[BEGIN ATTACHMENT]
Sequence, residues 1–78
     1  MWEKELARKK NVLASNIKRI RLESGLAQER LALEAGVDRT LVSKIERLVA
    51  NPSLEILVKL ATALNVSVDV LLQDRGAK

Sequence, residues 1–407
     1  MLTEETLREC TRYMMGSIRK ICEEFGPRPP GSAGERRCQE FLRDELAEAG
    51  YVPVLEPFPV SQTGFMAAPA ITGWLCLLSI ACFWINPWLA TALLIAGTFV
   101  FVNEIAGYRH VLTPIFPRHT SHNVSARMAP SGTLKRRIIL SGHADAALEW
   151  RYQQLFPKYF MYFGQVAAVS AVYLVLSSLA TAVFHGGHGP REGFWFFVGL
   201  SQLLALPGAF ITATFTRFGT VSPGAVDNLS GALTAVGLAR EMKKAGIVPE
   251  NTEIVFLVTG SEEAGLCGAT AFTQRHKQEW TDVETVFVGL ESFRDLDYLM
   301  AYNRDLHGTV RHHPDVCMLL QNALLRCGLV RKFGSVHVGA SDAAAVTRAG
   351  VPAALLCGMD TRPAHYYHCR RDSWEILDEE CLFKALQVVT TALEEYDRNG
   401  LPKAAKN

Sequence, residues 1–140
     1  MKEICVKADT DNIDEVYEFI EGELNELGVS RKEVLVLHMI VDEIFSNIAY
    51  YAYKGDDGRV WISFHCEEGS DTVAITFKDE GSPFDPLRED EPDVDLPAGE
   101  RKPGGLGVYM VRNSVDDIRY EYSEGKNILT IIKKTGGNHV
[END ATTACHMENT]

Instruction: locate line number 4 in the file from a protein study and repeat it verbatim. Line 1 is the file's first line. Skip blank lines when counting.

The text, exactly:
Sequence, residues 1–407